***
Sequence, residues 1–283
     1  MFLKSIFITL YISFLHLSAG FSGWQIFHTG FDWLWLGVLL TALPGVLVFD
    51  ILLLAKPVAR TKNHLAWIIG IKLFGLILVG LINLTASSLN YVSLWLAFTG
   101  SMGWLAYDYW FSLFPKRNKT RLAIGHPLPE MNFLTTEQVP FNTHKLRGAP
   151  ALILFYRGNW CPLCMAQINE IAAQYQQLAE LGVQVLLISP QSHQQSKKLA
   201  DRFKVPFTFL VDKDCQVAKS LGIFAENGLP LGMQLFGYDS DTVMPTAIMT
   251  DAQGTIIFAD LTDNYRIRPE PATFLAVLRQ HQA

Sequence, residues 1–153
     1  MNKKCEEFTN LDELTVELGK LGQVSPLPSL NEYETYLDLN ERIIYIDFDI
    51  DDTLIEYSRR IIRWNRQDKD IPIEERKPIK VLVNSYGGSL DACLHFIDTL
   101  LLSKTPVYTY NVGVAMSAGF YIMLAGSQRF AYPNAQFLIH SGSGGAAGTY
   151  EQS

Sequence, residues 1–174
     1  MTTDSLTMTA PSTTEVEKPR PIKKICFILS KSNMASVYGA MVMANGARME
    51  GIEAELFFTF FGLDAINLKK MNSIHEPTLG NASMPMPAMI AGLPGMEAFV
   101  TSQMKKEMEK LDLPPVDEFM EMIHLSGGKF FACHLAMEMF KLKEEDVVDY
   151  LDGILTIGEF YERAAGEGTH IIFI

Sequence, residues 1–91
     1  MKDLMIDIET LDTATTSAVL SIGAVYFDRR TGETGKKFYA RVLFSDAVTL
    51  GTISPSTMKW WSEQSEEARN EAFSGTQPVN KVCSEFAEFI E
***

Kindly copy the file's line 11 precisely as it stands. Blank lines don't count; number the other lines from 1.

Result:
   101  LLSKTPVYTY NVGVAMSAGF YIMLAGSQRF AYPNAQFLIH SGSGGAAGTY